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Re: Shower/tub refinishing in Orange County, CA????
I did it a couple years back because I could not find anyone that (1) knew how to do it correctly and (2) was affordable. I was getting price quotes from $200.00 to $2500.00.
It's not that hard to do, just time consuming. Great experience if you like to learn stuff. Here are the basic steps and items you need to do it.
Note: I did this with a Fiberglass shower system. Not a Porcelain tub. It takes roughly three days to accomplish this project, so plan accordingly.
(1) a compressor that can move enough air for a HVLP spray gun. (hvlp) High Velocity low pressure.
(2) HVLP spray gun. - You can pick one of these up at Harbor Freight, (orange, or garden grove) for around less then $50.00.
(3) A cheap floor fan. (explain that in a minute)
(4) a couple of rolls of blue painters tape, 2" works the best.
(5) a couple rolls of 3mil or heavy painters plastic
(6) orbital palm sander, if you have one. (again cheap thing at Harbor Freight)
(7) various sand paper in the 200-400 grit range for the palm sander.
(8) Two part shower glaze. You get this at Sherman Williams. I think the only SW that you can get this at now is the main industrial location in BP or GG. (not sure the city) Also the cool thing is you can have them tint it at the store to any color you want.
(9) a high end cartridge style breathing mask. This is the one item you don't skimp on and get extra filters designed to handle high vocs. Your going to need it. You can get this at Sherman Williams.
(10) cheap painters jump suit, and a head sock. (home depot)
(11) also the solvents necessary to clean your gun when your done.
(12) a hepa furnace filter any size. (HD) -(explain that in a minute)
(13) a bunch of collapsed cardboard shipping boxes, enough to make a box for the hepa furnace filter, and the fan intake, outlet. see below, (you can get these at HD for a couple of bucks.
(14) box of nitrile surgical gloves. (harbor freight - couple of bucks)
(15) roll of duct tape.
(16) box of expandable dryer vent. (see below)
(17) box of shoe painter booties.
OK, How it done.
(1) remove all your shower hardware, doors, fixtures, everything.
(2) scrub the shower down with a heavy duty shower cleaner. You need to remove any soap residue, oils etc...
(3) Scrub it down with TSP.
(4) sand it down
(5) wash it down with TSP again, and then run a tack cloth on it.
(6) vacuum you floor, walls etc... Use a good shop vac. with a hepa filter.
(7) bag the bathroom with plastic. Everything, ceiling, floor walls. The only thing that can be exposed is the shower. Make sure that he entry/exit point is very well overlapped.
(8) Ventilating the work area. (the most important part to this job) This is where I separated the idiots from the nut jobs when I got quotes on this, before I opted to do it myself. I've painted enough hot rods in my life to know that this is the most critical point to the finished result.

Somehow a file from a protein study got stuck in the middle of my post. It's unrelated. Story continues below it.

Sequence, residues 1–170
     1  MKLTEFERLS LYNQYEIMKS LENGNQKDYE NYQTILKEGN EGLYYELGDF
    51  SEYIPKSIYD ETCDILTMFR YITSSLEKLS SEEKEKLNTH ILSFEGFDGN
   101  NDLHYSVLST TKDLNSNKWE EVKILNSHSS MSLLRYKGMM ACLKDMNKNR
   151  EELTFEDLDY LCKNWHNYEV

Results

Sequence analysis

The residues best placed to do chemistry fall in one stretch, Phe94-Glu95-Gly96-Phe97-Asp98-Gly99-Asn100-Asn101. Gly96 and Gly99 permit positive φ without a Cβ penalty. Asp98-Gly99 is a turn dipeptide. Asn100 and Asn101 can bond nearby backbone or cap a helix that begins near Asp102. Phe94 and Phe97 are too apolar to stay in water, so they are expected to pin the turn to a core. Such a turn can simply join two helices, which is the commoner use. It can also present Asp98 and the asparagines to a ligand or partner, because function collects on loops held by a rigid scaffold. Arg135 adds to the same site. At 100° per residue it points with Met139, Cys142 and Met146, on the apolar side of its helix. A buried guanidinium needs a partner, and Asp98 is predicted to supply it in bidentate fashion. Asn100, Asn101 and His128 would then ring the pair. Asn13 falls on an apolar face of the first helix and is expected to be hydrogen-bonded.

If your bathroom has a window this is the point your going to need to place your cheap floor fan. Remember to remove your screen and bag the window frame. If your bathroom does not have a window your going to use the dryer vent hose and run it to a window. Your fan will need to be cardboard boxed in such a manner as to push the air into the exhaust vent, and allow a boxed inlet area where you can tape your painters plastic around it so it won't get sucked into the fan.
Your going to be spraying a highly toxic mixture that will fog up the room your in, in a matter of seconds, even with a HVLP gun. You need to extract the air out of the room quickly and at the same time allow air to come in. That's what the HEPA furnace filter is for. You build a cardboard box that you can tape the HEPA filter to one end. This becomes your make up vent. You use a HEPA filter because its going to stop any dust from the room where your drawing the air to contaminate your work surface once you start spraying.
Once you have everything ready, your paint mixed and ready to shoot, your dressed in your Ghost Buster Outfit, etc... You've tested your ventilation system, etc... Before you start spraying. You need to take a minute and run your tack cloth with some solvent over the shower to make sure there is no residual dust on the surface. This will show up when the glaze is cured.
Now your ready to spray. Hopefully you did a pre-test outside to make sure you can use a HVLP sprayer. You shoot one coat in the morning. Wait several hours and then go in and shoot your second coat. Your done. You let the product set up for twenty four hours before you attempt to clean out the bagged room.
As you can see there is a reason why, if done properly this can cost in the realm of $2,000.00.
The last one I did was few years back on a CONDO we were selling. Had we lived in it I would have ripped it out and did a custom build out on the shower. Would have cost about the same as having someone come in a spray it.
All in all, because I had all the equipment, the project, (minus time) ran me about $150.00 in material.
PM me if you have any other questions I'm located in OC.
I have 2 customers that had different Cos.
Both peeled! I wouldn't do it !
We used to use a family owned company that went out of biz (family health issues). They did our home and rental prop with no peeling issues ever. Their work was good and the glazing lasted 5 years minimum. Bummer your Customers had bad experiences, but there are good folks out there that do good lasting work, I just need to find them......